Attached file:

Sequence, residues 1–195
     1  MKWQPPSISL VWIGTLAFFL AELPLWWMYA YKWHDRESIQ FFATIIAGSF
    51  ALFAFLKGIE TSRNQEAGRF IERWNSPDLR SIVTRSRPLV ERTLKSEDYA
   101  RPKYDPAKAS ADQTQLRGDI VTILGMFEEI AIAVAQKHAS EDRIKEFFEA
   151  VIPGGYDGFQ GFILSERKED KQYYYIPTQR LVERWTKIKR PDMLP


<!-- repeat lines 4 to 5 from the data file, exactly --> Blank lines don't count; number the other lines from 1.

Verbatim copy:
   101  RPKYDPAKAS ADQTQLRGDI VTILGMFEEI AIAVAQKHAS EDRIKEFFEA
   151  VIPGGYDGFQ GFILSERKED KQYYYIPTQR LVERWTKIKR PDMLP